Ultrabooks may be targeting part of the tablet market, but using a tablet is a different experience than using a thin notebook computer. Meanwhile, convertible and hybrid form factors are gaining traction, and accessories can be used to add full-sized keyboards to tablet computers. Is there a form factor on which the mobile computer market is converging?

Free Software/Open Source

  • The making of open-source software

    Nicole Kobie reveals how software such as Ubuntu, LibreOffice and Firefox is made – and how you can get involved

  • 10 New Open Source Projects You May Not Know About

    With so many open source software projects under way at any given moment, it can be difficult to keep tabs on all that’s going on.

  • ForgeRock Updates Java-Based OpenIDM

    ForgeRock, the company formed last year by former Sun Microsystems executives to steward the open-source access management and federation server platform project known as OpenSSO, has released version 2.0 of its OpenIDM identity management offering.

  • Google Sky Map development ends, app goes open source

    If you’re a fan of Google’s augmented reality astronomy app Google Sky Map, I’ve got good news and bad news for you. Google announced that major development on the app has ended, so there will be no more major official releases from the company. On the plus side, they’ve decided to release the open-source code for Sky Map, so given enough developer interest it should be around for quite some time.

  • Events

    • Friday at the Southern California Linux Expo

      BUILD A CLOUD DAY: Mark Hinkle leads Build a Cloud Day, an all day session, in the Carmel room beginning at 9 a.m. The all-day session will teach users how to build and manage a cloud computing environment using free and open source software. The program is designed to expose attendees to the concepts and best practices around deploying cloud computing infrastructure.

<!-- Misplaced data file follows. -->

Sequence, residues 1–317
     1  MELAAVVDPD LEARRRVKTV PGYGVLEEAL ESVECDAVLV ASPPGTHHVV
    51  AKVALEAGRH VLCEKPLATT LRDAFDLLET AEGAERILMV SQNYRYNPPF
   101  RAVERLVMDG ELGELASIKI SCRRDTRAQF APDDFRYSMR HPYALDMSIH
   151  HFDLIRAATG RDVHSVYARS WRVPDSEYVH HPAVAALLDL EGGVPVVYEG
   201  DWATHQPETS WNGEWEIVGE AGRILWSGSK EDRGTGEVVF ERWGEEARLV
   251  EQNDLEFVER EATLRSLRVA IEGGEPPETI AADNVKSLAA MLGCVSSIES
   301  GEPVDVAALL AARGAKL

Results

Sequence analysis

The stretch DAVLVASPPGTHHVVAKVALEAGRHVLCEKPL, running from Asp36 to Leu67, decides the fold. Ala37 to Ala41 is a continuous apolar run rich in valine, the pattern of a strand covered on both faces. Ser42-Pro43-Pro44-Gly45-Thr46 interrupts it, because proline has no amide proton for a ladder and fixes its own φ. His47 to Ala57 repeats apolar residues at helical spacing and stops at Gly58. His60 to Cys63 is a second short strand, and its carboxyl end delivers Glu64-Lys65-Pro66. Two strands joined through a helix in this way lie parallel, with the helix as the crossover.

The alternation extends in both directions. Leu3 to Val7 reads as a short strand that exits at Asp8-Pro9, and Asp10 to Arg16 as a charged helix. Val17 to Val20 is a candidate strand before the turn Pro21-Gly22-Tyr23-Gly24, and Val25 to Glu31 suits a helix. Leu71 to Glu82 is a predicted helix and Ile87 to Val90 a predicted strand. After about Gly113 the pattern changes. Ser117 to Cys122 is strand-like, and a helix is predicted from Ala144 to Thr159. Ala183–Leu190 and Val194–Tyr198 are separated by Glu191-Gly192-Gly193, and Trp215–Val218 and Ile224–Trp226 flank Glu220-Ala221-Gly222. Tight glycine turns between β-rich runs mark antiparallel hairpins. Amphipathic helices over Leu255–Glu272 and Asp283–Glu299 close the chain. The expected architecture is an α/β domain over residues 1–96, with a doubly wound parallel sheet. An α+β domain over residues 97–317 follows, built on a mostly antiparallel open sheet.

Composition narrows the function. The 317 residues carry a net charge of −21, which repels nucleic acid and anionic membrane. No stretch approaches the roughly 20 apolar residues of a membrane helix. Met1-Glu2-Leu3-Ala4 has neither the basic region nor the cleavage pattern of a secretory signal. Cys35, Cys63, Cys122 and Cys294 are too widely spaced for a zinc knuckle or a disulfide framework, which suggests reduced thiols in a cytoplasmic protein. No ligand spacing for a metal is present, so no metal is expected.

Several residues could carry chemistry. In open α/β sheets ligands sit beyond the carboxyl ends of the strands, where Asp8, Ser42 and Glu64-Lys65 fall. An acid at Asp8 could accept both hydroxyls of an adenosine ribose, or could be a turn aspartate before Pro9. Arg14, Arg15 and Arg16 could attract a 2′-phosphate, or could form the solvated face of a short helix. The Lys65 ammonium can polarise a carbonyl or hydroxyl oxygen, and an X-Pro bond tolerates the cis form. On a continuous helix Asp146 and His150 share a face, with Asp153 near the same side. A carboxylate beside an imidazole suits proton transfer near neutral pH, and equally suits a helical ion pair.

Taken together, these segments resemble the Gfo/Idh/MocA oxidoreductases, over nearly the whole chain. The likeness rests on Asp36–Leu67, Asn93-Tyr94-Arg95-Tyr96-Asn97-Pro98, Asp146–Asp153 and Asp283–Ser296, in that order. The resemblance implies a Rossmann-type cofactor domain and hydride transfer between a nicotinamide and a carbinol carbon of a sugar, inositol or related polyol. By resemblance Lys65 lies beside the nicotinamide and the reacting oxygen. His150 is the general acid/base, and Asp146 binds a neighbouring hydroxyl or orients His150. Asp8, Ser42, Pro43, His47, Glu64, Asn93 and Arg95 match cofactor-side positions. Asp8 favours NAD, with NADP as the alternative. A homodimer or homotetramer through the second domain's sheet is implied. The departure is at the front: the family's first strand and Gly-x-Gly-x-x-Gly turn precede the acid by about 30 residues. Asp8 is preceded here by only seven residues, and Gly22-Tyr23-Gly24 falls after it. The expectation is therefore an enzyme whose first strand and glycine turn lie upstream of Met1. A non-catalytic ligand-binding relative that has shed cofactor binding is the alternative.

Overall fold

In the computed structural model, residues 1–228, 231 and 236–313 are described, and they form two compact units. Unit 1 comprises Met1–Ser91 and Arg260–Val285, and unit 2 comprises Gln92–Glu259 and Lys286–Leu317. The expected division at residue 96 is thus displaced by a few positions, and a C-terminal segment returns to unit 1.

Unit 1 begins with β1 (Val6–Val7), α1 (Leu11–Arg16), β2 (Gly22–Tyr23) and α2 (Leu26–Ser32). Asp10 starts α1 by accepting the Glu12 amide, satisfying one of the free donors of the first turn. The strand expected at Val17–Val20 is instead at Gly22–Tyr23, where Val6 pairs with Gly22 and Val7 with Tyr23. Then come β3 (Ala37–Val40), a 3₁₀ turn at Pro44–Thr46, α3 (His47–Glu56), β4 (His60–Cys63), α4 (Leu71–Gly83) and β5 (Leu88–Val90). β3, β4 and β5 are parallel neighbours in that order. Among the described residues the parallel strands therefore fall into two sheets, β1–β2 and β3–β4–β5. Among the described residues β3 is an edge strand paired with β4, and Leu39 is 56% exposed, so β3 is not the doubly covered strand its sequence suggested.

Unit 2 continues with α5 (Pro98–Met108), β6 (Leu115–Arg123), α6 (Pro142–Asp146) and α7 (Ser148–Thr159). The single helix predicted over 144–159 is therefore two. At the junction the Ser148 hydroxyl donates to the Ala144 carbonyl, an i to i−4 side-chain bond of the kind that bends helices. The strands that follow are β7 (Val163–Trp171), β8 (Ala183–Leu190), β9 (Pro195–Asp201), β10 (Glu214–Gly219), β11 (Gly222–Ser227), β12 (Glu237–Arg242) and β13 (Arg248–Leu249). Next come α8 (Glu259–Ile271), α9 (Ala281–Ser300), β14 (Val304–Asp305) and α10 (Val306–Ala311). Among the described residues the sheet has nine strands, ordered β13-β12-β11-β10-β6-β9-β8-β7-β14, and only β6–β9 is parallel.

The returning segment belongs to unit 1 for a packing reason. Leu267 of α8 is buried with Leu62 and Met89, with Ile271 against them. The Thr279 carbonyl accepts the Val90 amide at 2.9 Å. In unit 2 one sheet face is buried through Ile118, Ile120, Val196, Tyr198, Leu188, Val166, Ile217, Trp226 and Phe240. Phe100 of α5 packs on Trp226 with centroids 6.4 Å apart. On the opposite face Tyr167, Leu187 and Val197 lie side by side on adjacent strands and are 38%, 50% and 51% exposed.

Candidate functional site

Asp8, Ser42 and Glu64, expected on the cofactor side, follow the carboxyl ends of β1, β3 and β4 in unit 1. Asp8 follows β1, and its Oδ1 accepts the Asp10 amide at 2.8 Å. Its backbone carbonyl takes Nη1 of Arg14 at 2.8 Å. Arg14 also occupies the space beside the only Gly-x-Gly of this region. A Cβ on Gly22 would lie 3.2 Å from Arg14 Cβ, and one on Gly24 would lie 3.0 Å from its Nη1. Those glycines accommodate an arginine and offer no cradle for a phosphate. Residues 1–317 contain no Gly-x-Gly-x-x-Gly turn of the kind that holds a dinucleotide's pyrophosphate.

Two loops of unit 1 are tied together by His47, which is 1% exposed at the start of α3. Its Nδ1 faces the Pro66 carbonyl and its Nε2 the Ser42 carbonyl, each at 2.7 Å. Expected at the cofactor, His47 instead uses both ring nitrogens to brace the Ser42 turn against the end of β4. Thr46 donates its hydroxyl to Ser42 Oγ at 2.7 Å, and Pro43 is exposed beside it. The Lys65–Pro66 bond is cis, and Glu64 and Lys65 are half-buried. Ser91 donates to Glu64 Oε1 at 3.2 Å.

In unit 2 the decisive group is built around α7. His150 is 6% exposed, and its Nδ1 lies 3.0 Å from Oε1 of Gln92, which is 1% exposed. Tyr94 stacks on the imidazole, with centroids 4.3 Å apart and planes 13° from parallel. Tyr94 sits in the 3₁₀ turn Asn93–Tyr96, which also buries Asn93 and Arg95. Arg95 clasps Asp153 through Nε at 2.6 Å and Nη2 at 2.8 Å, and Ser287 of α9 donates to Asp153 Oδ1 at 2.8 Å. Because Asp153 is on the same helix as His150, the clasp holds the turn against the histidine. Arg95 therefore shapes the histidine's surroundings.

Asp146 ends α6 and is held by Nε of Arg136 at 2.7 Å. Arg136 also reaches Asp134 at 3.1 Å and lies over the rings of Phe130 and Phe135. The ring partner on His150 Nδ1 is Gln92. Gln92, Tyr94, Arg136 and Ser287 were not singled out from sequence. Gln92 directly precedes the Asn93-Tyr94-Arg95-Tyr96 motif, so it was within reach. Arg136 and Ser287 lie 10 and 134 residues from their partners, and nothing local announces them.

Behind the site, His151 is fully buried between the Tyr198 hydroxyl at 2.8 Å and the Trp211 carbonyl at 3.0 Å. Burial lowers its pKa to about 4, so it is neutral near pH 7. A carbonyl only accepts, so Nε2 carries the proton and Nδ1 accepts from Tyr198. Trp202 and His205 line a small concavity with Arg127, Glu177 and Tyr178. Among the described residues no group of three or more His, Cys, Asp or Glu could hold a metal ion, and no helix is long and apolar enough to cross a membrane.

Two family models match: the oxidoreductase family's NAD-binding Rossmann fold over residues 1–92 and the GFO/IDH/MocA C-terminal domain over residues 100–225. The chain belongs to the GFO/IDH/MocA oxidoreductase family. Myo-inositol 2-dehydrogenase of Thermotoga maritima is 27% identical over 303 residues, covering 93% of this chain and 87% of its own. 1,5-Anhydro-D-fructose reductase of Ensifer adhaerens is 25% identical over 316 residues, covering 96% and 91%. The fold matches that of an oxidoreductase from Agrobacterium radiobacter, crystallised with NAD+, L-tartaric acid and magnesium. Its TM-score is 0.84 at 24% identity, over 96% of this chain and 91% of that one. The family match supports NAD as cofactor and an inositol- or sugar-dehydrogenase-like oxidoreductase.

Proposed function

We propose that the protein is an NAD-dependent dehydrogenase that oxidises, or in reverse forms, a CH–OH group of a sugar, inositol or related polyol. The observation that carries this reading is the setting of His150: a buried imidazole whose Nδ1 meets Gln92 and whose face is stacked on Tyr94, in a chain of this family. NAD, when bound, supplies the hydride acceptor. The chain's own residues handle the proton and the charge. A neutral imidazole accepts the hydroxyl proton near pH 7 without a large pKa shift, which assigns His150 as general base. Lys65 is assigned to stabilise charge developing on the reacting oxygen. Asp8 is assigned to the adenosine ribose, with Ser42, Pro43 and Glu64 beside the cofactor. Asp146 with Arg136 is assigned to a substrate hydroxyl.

JUJU CHARM SCHOOL: Jorge Castro and Clint Bynum host a session in the Marina room at 2:30 p.m. It’s an event where juju experts answer questions about writing your own juju charms. The intended audience are people who deploy software and want to contribute charms to the wider devops community to make deploying in the public and private cloud easy.

  • Web Browsers

    • Chrome

      • Hands on: building an HTML5 photo booth with Chrome’s new webcam API

        Experimental support for WebRTC has landed in the Chrome developer channel. The feature is available for testing when users launch the browser with the –enable-media-stream flag. We did some hands-on testing and used some of the new JavaScript APIs to make an HTML5 photo booth.

  • Public Services/Government

  • Openness/Sharing

Leftovers

  • U.S. losing high-tech jobs, R&D dominance to Asia

    U.S. companies are locating more of their research and development operations overseas, and Asian countries are rapidly increasing investments in their own science and technology economies, the National Science Board (NSB) reported this week.

  • Two Years After “Citizens United,” Amending the Constitution is Essential
  • Internet/Net Neutrality

    • More than Half of the EU with Restrictions to Net access. What will Neelie Kroes Do?

      Paris, January 20th, 2012 – La Quadrature du Net sent EU regulators evidence from the platform Respect My Net that in more than 14 EU Member States, telecoms operators engage in illegitimate restrictions of their customers’ Internet access. Such evidence shows that EU Commissioner Neelie Kroes’ “laisser-faire” approach on Net neutrality amounts to allowing operators to blatantly violate their users’ freedom of communication. Now is the time for the EU Commission to start working on stringent measures to enforce Net neutrality all across Europe.

  • Intellectual Monopolies

    • Copyrights

      • DOJ Gives Its Opinion On SOPA By Unilaterally Shutting Down ‘Foreign Rogue Site’ Megaupload… Without SOPA/PIPA